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We study the physics of soft condensed matter, materials which are easily deformable by external stresses, electric or magnetic fields, or even by thermal fluctuations. These materials typically possess structures which are much larger than atomic or molecular scales; the structure and dynamics at mesoscopic scales determine the physical properties of these materials. The goal of our research is to probe and understand this relationship. We study both synthetic and biological materials; our interests extend from fundamental physics to technological applications, from basic materials questions to specific biological problems. The techniques we use include light scattering, optical microscopy, rheology, and microfluidics.

We sponsor an informal seminar every Wednesday -- the squishy physics and pizza night. To learn more and check the schedule of speakers, check out our Squishy Physics Talks webpage.

On our links page, we have listed the various instruments we use; we encourage people who have an interest in using these facilities to contact us to schedule experiments. In addition, there are links to tutorials we have written about our techniques.

 

We have four major research themes in our group:

  1. Soft materials: We investigate the properties and structure of soft materials such as colloids, emulsions, drops and gels. Our focus is on developing a fundamental understanding of the properties of these materials, as well as using the materials as models for the study of more complex phenomena. In addition, much of our work is motivated by potential technological applications.
  2. Biophysics: We use our expertise in soft matter to investigate the properties of biomaterials and of cells. We study the underlying physics of biopolymer networks to determine the origin of their mechanical properties. We also extend these studies to investigate the mechanical properties of living cells.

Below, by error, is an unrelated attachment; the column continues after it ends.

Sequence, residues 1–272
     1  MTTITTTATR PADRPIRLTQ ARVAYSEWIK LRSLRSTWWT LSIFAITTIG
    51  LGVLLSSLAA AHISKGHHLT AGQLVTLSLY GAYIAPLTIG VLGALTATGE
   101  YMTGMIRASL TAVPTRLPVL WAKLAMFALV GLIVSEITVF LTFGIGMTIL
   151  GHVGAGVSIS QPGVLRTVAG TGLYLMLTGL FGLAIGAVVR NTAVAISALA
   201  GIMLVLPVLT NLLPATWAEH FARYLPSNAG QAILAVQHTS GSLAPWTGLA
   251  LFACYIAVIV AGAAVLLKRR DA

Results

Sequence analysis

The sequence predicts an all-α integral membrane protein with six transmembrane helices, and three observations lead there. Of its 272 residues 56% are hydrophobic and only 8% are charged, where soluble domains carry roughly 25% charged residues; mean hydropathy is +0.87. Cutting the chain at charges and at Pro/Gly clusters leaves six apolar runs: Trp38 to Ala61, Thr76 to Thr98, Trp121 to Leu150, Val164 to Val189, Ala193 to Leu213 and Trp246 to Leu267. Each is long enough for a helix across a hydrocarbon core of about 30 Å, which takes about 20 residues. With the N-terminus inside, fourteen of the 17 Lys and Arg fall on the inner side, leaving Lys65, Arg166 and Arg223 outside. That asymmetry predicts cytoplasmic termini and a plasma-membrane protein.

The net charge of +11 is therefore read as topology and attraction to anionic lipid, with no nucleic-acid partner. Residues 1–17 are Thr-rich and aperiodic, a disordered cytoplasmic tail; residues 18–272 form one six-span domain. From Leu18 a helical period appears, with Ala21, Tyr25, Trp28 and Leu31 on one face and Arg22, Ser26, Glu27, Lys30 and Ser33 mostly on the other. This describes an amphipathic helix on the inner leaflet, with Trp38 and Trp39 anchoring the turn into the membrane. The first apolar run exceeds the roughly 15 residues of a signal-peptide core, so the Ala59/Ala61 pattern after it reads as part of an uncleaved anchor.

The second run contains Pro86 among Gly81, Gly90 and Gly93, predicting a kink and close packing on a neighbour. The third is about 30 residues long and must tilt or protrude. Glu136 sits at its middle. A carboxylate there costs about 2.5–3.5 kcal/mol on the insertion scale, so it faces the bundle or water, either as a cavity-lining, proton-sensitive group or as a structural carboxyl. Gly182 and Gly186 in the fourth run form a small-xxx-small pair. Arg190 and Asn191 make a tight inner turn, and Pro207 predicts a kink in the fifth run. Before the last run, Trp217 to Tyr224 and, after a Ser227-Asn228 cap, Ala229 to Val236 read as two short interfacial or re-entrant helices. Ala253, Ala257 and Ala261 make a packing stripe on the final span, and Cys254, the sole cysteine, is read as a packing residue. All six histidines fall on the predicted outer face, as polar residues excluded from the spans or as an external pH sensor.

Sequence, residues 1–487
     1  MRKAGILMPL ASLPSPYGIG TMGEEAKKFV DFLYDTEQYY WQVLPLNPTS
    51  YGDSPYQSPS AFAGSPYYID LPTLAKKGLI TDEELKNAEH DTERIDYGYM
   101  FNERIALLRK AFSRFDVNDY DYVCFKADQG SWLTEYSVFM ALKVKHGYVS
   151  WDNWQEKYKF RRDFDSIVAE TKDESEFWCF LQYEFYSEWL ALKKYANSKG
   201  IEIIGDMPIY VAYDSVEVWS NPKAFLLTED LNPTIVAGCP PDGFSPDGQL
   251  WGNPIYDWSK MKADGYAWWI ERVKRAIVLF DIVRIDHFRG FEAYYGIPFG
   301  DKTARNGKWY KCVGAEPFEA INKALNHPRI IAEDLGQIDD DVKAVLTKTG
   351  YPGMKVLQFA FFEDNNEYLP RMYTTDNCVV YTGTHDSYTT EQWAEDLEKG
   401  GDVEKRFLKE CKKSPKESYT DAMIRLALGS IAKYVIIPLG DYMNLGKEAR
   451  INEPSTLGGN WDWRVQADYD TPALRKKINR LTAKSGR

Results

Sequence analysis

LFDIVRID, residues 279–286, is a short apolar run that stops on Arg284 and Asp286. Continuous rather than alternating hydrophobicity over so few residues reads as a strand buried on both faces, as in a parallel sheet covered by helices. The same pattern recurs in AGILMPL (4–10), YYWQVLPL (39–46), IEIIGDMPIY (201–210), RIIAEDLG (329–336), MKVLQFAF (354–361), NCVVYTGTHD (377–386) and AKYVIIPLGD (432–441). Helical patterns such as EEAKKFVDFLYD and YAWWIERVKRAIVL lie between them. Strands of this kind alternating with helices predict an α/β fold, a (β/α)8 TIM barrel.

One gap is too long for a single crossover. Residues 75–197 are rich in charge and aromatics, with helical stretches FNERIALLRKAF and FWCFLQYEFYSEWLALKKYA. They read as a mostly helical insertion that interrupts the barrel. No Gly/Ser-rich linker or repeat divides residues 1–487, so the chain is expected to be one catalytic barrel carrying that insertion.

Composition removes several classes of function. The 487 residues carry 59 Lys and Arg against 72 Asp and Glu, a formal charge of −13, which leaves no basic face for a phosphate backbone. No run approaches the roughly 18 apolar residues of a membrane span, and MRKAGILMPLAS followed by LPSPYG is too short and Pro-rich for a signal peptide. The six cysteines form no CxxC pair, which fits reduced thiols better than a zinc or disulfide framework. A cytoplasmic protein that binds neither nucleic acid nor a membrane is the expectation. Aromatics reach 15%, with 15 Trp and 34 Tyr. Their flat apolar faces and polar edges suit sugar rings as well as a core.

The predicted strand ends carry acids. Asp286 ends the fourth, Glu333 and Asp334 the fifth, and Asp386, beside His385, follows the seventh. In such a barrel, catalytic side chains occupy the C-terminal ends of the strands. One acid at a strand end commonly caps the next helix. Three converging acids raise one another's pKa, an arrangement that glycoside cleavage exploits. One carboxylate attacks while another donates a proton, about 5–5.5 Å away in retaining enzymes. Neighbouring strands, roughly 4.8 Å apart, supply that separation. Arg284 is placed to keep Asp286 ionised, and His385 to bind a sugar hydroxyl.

3. Flow in porous media: We study multiphase fluid flow through porous media. We build model systems to study the fundamentals of the fluid flow, and we create new structures to control the flow and improve fluid collection. This work is motivated by resource recovery and water flow through the ground.
  4. Microfluidics: We have two different general research areas in our microfluidic effort. Both of them are focused on the study of multiphase flow, or drops, in microfluidics.
    • Material fabrication: We use our ability to precisely control fluid mixing with microfluidic devices to create structures that have new properties and that have potential for encapsulation and release applications. We also investigate the possibilities of scale up to make practical quantities of these materials.
    • High throughput biological experiments: We use our microfluidic devices to control aqueous drops in an inert carrier oil. Each drop is used as a reactor vessel for biological experiments, allowing us to perform billions of separate reactions, each with a volume of about a picoliter. This enables ultra-high-throughput screening of biological reactions or even of individual cells.

For updates about the website, please contact Liheng Cai.